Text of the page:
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Melrose BYOBag Initiative Gains Momentum

Melrose BYOBag Initiative Gains Momentum

By Phaea Crede

As anyone taking a stroll around the Fells can attest, plastic bag litter is everywhere. And they’re not just an eyesore: plastic bags are an environmental nightmare.

The United States uses 439 million gallons of oil a year manufacturing over 100 billion plastic bags that are used an average of 12 minutes. Once discarded, these bags litter our streets, get stuck in trees, clog drains, and choke or strangle animals like birds, turtles and fish. And, of course, they never, ever biodegrade. Traces of plastic can already be found in almost all marine life, including the fish that we eat.

For something that’s supposed to be a convenience item, plastic bags cause quite a lot of trouble.    

Like its surrounding cities, Melrose is currently part of the plastic problem. The town’s nearly 30,000 citizens use a little more than 9 million single-use plastic bags a year. 95% of those are not recycled at designated locations, which leaves over 8.5 million plastic bags thrown out annually to potentially wreak havoc on Melrose’s outdoor spaces and surrounding ecosystems, including the Fells.’

As of today, over 45 municipalities in Massachusetts have totally banned single-use plastic bags, and if the hard-working members of the Melrose Recycling Committee have their way, Melrose will be number 46 by 2018.

But first people need to be convinced that swapping out reusable bags for plastic bags isn’t a big deal. “We use plastic bags automatically, without thinking,” says Jeana McNeil, chair of the Single Use Bag subcommittee. “Our idea is [to] show people that it’s easy to change that habit.”  To this end, McNeil and her team of volunteers are pounding the pavement to show the citizens of Melrose how easy – and important – breaking the plastic bag habit can be. These projects include outreach and reusable bag distribution to senior centers, DIY reusable bag craft projects like this one, and information tables at the upcoming All Pond Clean Up on May 6th and the Healthy Melrose Fair on May 13th.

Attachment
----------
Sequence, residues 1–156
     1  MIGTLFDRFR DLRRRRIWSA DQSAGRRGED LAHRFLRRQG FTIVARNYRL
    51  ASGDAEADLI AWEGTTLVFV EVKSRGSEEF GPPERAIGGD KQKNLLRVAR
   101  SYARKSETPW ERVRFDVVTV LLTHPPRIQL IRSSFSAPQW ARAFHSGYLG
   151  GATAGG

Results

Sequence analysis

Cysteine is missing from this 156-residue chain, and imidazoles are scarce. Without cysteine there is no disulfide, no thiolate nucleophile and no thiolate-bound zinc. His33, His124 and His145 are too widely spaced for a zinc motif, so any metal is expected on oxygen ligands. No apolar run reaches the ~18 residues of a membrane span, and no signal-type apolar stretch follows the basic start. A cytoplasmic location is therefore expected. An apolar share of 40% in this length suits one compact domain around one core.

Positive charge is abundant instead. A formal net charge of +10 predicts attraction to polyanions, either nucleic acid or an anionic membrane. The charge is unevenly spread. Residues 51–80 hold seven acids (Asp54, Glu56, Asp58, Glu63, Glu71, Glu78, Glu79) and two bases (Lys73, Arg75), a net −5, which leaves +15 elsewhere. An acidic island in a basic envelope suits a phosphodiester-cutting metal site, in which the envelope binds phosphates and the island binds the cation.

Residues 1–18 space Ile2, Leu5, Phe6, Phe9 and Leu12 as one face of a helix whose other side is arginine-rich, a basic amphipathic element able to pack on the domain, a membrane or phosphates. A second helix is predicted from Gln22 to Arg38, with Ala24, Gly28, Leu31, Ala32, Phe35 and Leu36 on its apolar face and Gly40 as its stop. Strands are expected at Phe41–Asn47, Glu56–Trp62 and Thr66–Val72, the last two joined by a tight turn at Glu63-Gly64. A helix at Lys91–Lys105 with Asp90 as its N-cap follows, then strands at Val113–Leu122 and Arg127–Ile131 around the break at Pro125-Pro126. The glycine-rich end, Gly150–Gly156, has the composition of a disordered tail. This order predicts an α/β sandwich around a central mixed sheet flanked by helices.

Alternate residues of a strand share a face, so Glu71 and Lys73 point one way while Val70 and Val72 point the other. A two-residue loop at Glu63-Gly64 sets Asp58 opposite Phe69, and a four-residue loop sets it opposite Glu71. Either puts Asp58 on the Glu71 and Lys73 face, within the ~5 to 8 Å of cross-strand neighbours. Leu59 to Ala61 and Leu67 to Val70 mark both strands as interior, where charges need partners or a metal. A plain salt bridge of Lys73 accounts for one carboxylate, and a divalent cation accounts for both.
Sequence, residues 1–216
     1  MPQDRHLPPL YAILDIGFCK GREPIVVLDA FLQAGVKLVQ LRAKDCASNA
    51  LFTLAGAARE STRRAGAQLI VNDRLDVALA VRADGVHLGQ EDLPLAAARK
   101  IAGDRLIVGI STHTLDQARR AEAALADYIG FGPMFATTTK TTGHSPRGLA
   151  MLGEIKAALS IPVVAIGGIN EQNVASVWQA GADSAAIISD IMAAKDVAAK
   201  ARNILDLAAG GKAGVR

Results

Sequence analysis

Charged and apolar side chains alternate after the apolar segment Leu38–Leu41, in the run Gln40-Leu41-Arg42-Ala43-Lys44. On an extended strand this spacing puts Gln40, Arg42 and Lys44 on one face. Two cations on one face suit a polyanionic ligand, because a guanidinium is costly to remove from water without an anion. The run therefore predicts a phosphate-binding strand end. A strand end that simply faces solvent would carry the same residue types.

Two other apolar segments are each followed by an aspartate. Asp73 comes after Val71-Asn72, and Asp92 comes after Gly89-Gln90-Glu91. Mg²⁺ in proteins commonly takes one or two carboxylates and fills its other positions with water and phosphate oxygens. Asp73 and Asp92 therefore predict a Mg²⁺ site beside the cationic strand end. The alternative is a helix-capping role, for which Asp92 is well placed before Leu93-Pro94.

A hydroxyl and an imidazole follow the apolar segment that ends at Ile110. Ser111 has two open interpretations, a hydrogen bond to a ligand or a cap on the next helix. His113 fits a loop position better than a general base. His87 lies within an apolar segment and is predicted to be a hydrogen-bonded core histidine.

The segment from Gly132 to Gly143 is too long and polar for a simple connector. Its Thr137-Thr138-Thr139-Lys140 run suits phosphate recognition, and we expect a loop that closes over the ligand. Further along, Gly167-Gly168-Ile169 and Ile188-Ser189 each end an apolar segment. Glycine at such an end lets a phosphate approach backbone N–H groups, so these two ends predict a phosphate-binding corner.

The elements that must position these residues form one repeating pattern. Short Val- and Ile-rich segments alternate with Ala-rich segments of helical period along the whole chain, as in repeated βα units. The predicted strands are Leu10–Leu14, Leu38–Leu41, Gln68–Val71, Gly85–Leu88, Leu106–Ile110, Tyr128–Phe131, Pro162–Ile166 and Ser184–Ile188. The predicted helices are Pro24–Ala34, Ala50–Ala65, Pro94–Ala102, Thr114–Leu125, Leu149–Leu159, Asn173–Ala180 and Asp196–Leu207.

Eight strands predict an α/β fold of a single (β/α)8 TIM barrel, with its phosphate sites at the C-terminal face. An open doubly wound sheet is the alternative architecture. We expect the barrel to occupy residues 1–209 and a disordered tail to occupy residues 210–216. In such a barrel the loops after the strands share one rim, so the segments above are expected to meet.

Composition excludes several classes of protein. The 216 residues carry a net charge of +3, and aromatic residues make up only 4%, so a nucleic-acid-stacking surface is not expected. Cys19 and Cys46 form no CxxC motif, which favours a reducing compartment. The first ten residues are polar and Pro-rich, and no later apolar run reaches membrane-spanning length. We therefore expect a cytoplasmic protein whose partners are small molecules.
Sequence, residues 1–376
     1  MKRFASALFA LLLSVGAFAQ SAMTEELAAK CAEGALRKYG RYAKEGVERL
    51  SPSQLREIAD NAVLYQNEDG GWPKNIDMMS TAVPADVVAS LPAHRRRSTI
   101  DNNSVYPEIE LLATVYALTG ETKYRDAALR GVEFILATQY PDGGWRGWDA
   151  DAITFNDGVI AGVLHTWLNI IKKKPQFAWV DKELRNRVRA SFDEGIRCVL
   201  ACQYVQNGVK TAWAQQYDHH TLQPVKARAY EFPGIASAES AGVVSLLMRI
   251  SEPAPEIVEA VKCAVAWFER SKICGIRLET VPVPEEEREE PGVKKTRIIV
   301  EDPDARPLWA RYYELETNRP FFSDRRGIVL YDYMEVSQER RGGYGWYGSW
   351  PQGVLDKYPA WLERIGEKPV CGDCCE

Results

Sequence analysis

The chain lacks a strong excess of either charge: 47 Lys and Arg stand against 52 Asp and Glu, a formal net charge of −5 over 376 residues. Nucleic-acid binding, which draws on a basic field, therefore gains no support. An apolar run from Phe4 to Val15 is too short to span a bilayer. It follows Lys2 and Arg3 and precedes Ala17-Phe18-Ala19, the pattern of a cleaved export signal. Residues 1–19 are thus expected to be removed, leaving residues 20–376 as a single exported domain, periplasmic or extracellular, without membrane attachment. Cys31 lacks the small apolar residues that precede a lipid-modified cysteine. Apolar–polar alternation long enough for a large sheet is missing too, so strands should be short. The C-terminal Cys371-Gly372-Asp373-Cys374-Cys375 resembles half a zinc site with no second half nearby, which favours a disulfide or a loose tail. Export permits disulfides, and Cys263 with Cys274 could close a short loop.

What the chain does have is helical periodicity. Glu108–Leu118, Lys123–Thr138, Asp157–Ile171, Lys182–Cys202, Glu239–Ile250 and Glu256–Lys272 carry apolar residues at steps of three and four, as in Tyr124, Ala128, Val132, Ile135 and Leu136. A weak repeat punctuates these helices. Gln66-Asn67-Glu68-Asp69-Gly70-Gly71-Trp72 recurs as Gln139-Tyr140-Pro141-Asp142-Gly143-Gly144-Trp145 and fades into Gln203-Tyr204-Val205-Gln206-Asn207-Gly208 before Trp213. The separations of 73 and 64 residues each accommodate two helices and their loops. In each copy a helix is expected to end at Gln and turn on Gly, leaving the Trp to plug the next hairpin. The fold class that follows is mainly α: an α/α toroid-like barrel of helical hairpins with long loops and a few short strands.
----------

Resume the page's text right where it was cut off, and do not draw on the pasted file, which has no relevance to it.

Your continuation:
The group has also licensed the 2010 documentary Bag It, which delves into America’s plastic bag problem, and is screening it for clubs and congregations all over town, as well as on MMTV. You can watch it yourself here.

Feeling revved up? It’s very easy to get involved in the BYOBag Melrose movement, even if you don’t live in Melrose:

  •   “Like” BYOBag Melrose on Facebook for news and updates.

 

  •   Say “No, thanks!” to a plastic bag whenever you are offered one. (It’s ok to ask people to unbag your items if you’re not fast enough!)

 

  •   Bring your own reusable bag whenever and wherever you shop, especially at supermarkets who distribute around 2.5 million plastic bags a year each.

 

  •   Recycle any plastic bags you have (or pick off the street) at participating stores, like Shaw’s, Whole Foods and CVS. Note: You CANNOT recycle plastic bags in curbside bins.

 

  •   If you are a Melrose citizen, contact your Alderman and voice your support for the BYOBag Melrose Initiative.

The Melrose Recycling Committee meets the first Thursday of every month, usually at the library, and they always welcome new members. For more info call 781-775-5058.

This year 9 million plastic bags – next year…zero? Together we can make it happen!

Lindsay Beal

Lindsay Beal

Vice-Chair and Volunteer Coordinator Lindsay Beal has been a Friends of the Fells volunteer since 2010 and joined the board in 2015.Her outdoor education began while growing up in Western MA in the foothills of the Berkshires, developed while leading hikes and backpacking trips around New England for children and teens, and continues today at the Friends of the Fells and beyond. She blogs about enjoying and protecting the outdoors over at PlaygroundHunt.com as well.
Lindsay Beal

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